Families of children with a very rare skin condition, epidermolysis bullosa (EB), celebrated 10 years of the dedicated specialist service at Birmingham Children's Hospital on Saturday 7 July with a party.
Professor Celia Moss established the EB service in 2002 – one of only two specialist paediatric services in the UK. EB is a rare genetic condition that causes the skin and internal body linings to blister when rubbed or knocked. It affects 1 in 17,000 people and there are thought to be 5,000 people in the UK with the condition.
Professor Moss secured funding from the government for all the different specialties involved in EB care, set up a multidisciplinary clinic and recruited specialist nurses to provide practical help and support with an outreach service to children with EB in the Midlands and North of the country. The service is now headed by dermatologist Dr Fiona Browne after Professor Moss’s retirement last year.
The children enjoyed craft activities, a clown performing magic tricks and a disco, paid for by Debra, the national EB charity. Patients, old and new, along with staff came to celebrate. Debra, the EB patient organisation, provided the funding for the entertainment and party food. There was also a surprise guest appearance from our Chief Executive, Sarah-Jane Marsh and Mr David Nicholson, Chief Executive of the NHS.
Ruth Ward, lead nurse for the service said:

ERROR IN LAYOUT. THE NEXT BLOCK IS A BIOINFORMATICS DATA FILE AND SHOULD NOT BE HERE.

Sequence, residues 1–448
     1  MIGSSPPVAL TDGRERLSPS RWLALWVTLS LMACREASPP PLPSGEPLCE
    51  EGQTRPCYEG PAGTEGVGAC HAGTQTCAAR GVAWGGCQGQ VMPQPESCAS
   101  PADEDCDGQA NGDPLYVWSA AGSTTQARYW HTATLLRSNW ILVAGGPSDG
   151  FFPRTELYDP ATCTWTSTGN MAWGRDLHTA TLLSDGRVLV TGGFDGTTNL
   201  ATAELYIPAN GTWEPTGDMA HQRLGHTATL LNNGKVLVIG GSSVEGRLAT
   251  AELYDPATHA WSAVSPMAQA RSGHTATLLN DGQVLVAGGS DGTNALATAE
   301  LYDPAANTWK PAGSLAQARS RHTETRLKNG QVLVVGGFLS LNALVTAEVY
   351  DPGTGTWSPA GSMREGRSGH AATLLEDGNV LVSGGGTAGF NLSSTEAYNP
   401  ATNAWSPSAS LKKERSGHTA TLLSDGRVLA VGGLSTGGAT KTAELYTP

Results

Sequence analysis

“Families living with EB have huge challenges and our service helps families to achieve the best quality of life they can. People who work in the service tend to want to stay as it is very rewarding to be able to make a difference. We have built a great team that works very well together and we are all proud of our service here at BCH. We have grown with our children, learn from them every day and are often inspired by the way they cope with their difficulties.”
Birmingham Children’s Hospital NHS Foundation Trust provides a comprehensive service to children, young people and their families.
We are one of the leading paediatric teaching centres in the country, with international research and development in areas such as:
- Childhood cancer studies
- Liver disease
- Infection, inflammation and immunity
- Molecular genetics of childhood conditions (how these are passed on, and how they cause disease in the body in terms of chemistry)
- Nutrition, growth and metabolism in childhood
- Drug use in children
- Relapsed and refractory acute lymphoblastic leukaemia
- Infant neuroblastoma
- Infant brain tumours
Our facilities include:
- A 22 bedded Paediatric Intensive Care Unit
- A centre of excellence for children with cancer, cardiac, liver and renal disease
- A national transplant centre
- 280 inpatient and day-case beds including Child and Adolescent Mental Health Services
- 38 specialties and supporting departments
- An Emergency Department dealing with over 45,000 patients a year
- Twelve theatres
- Three MRI scanners
- A CT Scanner
- An endoscopy suite
- A catheter laboratory with digital imaging facility
- Burn, Neonatal Surgery and Education Centre
- Wellcome Clinical Research Facility
- Renal Unit
- Teenage Cancer Trust Unit
- Ronald McDonald House (parent and family accommodation).